So Long? Stevens

August 24, 2007 at 8:24 pm 1 comment

John Berryman

Listen (to Hoon read)

He lifted up, among the actuaries,
a grandee crow. Ah ha & he crowed good.
That funny money-man.
Mutter we all must as well as we can.
He mutter spiffy. He make wonder Henry’s
wits, though, with a odd

…something…something…not there in his
flourishing art.
O veteran of death, you will not mind
a counter-mutter.
What was it missing, then, at the man’s heart
so that he does not wound? It is our kind
to wound, as well as utter

a fact of happy world. That metaphysics
he hefted up until we could not breathe
the physics. On our side,
monotonous (or ever–fresh)—it sticks
in Henry’s throat to judge—brilliant, he seethe;
better than us; less wide.

– from: “The Dream Songs”, #219
Hoon adds,
An equivocating eulogy, saying almost as much about the author as the one eulogised, but perhaps this is in keeping with Stevens’ own solipcism — as well as his rugged commitment to truth, and against self-delusion.

The actuaries alludes to Stevens’ employment in the insurance business. An attorney, he rose to the position of vice-president at Hartford Accident and Indemnity Company. The grandee crow, of course, refers to his poem Thirteen Ways of Looking at a Blackbird (although given Berryman’s penchant for drinking it may also be an allusion to Old Crow bourbon whiskie as well).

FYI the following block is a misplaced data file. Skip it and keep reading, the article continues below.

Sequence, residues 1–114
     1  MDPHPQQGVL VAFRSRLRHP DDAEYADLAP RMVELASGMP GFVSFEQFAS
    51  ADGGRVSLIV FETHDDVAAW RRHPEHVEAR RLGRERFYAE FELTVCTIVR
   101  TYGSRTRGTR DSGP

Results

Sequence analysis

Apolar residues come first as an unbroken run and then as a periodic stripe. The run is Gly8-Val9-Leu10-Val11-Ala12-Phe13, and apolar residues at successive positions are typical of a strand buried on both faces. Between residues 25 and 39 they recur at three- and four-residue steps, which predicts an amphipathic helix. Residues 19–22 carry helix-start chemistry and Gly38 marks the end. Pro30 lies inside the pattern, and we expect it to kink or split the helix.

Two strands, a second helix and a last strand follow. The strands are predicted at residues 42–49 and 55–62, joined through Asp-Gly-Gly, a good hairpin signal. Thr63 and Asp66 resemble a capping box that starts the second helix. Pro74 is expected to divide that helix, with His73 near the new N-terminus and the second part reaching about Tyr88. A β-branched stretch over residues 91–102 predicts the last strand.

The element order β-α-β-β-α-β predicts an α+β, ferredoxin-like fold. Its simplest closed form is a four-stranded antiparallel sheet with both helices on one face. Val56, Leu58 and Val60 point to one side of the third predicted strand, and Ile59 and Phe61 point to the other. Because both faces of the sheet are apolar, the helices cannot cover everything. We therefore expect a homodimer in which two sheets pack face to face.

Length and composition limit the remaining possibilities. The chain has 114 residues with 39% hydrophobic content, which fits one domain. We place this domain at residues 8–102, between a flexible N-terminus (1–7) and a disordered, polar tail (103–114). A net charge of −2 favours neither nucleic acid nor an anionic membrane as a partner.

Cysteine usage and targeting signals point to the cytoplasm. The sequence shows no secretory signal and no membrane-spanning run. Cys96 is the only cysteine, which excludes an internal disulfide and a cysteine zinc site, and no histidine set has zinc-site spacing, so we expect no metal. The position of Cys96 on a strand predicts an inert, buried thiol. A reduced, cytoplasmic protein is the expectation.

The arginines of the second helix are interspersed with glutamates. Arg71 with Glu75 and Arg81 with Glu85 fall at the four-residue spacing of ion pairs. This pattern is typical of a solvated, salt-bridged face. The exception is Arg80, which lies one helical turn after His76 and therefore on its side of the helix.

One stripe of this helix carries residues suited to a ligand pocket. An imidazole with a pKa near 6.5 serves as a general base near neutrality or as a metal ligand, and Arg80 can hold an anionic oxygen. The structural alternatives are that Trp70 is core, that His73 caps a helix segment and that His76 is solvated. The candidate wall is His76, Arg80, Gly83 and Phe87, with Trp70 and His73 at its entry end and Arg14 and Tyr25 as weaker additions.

What was it missing, then, at the man’s heart so that he does not wound?

While bringing Barryman’s own troubles into the circle of the poem, it also points out a problem that many readers have with Stevens’ style. Its abstractness, lack of references to other people inhabiting the universe, interpersonal relationships, love. This is a valid point. Perhaps any particular style cannot possibly suffice to fulfill all of one’s literary interests and desires. History gives us what it has.

A point of fact though, Stevens could wound. He got into a fight with Hemingway once in Key West. It was mainly Stevens, though, who got wounded; needing to take extra vacation time to allow his face to heal. Although Stevens was a large man, he was in his fifties at the time and Hemingway was twenty years his younger. Drinking was undoubtably involved.

Entry filed under: Black Mamba, English, Hoon (innerlea.com), John Berryman. Tags: .

Thirteen Way of Looking at a Blackbird Fate

1 Comment Add your own

Leave a Reply

Fill in your details below or click an icon to log in:

WordPress.com Logo

You are commenting using your WordPress.com account. Log Out / Change )

Twitter picture

You are commenting using your Twitter account. Log Out / Change )

Facebook photo

You are commenting using your Facebook account. Log Out / Change )

Google+ photo

You are commenting using your Google+ account. Log Out / Change )

Connecting to %s

Trackback this post  |  Subscribe to the comments via RSS Feed


Feeds

Categories


%d bloggers like this: